Dad is 83 and Mom is 77, both are in fine physical health, but both are suffering from dementia manifesting itself in memory loss, both short and long term. After a chance phone call to my Mother a few weeks ago where I accidentally discovered that she no longer knew how to write checks, I took a hurried trip to Florida to determine their status.
|Mom& Dad at our picnic|
lunch last week
Carrying on conversations of any kind with parents who suffer with memory loss range from the quaint to the frustrating, depending upon my mood at any given time or the topic at hand. Trying to get Mom to get beverages on the dinner table while I prepare the meal is quaint - trying to explain over and over again that her driver license has been suspended due to the uninsured car sitting in their driveway is frustrating. Telling Dad for the 5th time in 10 minutes that there is snow on the ground in Ohio (it IS December Dad) - telling him for the 10th time in 20 minutes that he has to sign paperwork to redirect funds from his IRA is frustrating.
ANYWAY - life is what life is. Learning to deal with it one day at a time will be my new challenge as I try to convince them to move back to Ohio to live with me and allow me to care for them.
JUST WHEN YOU THINK IT'S BAD IN YOUR OWN HEAD...
You have a conversation with someone who truly is having a difficult time with life: an acquaintance dealing with not just one, but two family members with cancer; another who lost her father just in time for the holiday; good friends with children serving overseas in danger zones.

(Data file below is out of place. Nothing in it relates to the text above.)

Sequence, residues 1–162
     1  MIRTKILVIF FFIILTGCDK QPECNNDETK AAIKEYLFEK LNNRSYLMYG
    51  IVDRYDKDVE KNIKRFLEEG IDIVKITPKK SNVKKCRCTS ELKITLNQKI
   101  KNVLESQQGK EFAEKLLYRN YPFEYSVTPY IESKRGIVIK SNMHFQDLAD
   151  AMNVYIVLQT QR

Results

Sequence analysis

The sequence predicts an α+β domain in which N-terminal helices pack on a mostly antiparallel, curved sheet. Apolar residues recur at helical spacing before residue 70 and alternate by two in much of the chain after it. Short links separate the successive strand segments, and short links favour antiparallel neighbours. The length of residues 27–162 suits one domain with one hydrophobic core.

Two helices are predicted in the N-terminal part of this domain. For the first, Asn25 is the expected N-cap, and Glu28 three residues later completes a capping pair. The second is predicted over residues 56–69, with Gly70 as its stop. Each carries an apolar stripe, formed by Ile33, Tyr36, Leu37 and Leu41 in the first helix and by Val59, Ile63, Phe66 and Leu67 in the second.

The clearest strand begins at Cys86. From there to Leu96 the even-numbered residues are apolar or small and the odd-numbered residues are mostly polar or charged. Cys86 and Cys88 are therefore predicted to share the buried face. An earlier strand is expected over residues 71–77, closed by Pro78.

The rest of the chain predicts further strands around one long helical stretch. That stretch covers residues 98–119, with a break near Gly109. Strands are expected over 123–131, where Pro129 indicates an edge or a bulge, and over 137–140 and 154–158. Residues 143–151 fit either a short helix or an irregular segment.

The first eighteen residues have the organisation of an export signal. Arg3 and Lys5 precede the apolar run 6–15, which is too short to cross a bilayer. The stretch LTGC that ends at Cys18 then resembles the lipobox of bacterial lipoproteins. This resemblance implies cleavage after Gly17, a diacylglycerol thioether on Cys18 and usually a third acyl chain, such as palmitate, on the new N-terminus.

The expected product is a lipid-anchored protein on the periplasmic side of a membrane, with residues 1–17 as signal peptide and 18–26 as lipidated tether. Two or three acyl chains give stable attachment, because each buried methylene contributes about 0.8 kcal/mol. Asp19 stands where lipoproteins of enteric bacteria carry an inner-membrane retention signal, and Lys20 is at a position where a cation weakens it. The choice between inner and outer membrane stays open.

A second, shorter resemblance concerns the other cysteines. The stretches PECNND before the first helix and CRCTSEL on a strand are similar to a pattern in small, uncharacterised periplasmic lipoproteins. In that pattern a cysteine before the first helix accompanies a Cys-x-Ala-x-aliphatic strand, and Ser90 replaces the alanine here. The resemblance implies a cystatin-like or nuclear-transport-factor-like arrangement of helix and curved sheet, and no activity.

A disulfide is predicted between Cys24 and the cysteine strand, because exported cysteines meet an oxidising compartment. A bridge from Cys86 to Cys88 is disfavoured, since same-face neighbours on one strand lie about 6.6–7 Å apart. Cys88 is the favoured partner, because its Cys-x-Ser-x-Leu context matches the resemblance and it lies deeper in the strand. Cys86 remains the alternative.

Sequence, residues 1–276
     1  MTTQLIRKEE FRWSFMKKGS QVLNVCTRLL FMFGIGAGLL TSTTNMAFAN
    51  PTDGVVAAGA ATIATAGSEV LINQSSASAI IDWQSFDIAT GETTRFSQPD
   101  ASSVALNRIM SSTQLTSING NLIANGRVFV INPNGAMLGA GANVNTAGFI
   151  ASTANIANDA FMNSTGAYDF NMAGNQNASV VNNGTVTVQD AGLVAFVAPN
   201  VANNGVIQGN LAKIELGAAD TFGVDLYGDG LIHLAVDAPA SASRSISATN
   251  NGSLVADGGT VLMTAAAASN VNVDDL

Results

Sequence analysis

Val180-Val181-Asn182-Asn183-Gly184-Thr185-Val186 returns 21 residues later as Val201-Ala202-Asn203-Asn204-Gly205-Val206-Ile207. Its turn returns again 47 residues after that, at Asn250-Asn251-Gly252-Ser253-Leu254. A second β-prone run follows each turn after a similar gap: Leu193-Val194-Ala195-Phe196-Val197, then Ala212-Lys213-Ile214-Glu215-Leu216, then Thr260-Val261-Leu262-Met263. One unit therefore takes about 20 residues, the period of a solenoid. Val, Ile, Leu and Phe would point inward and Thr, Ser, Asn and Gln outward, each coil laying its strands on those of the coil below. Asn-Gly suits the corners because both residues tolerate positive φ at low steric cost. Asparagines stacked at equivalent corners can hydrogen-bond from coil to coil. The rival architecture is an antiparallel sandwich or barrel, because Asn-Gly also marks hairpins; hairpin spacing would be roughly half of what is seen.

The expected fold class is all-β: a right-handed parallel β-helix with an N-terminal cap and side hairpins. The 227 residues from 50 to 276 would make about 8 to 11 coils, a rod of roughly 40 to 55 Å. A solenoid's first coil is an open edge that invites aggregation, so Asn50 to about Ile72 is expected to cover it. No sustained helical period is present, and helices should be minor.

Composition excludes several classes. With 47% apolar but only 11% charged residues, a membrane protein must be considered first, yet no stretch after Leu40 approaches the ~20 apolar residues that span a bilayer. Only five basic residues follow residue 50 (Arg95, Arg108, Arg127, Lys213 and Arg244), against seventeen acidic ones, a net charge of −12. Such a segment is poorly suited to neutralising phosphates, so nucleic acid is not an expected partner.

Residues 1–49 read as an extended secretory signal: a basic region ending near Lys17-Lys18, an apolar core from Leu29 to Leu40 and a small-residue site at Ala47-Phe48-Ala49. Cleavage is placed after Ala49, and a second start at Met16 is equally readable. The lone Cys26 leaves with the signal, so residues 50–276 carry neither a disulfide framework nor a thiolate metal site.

Obviously my life is not difficult in comparison and for that I promise I will be thankful.
AS THE SONG SAYS....and so this is Christmas....
After many years of trying, I've finally given up almost all shreds of commercialized holiday revelry: I stopped decorating the house a few years ago; stopped sending holiday cards that support no one except the post office and the greeting card industry; and this year I finally solved the gift shopping dilemma. Giving and receiving gifts simply because it's the thing to do seems like a waste of money and energy by both givers and receivers, this year I totalled up the money I would normally spend buying gifts no one wants or needs and gave it to two local deserving charities.
It's certainly not that I don't appreciate the things people give me, whenever someone takes the time to think about you it's appreciated. But if the true meaning of the holiday is about peace on earth, goodwill to mankind, then my giving or receiving another scarf or bottle of wine will not go to promote those sentiments.
This has gone over with varying degrees of success this year. I had one or two people truly understand the gesture and a few that probably think I did it simply to get out of shopping (well, yes, of course that was a terrific by product) and some that probably didn't quite understand the concept. But, I feel pretty OK with this and for the first time in ages, the gifts I gave truly made me feel good about the process of giving.
untryside Conservancy's Don't Buy Food From Strangers campaign and One of a Kind Pets Rescue Clinic and Adoption Center.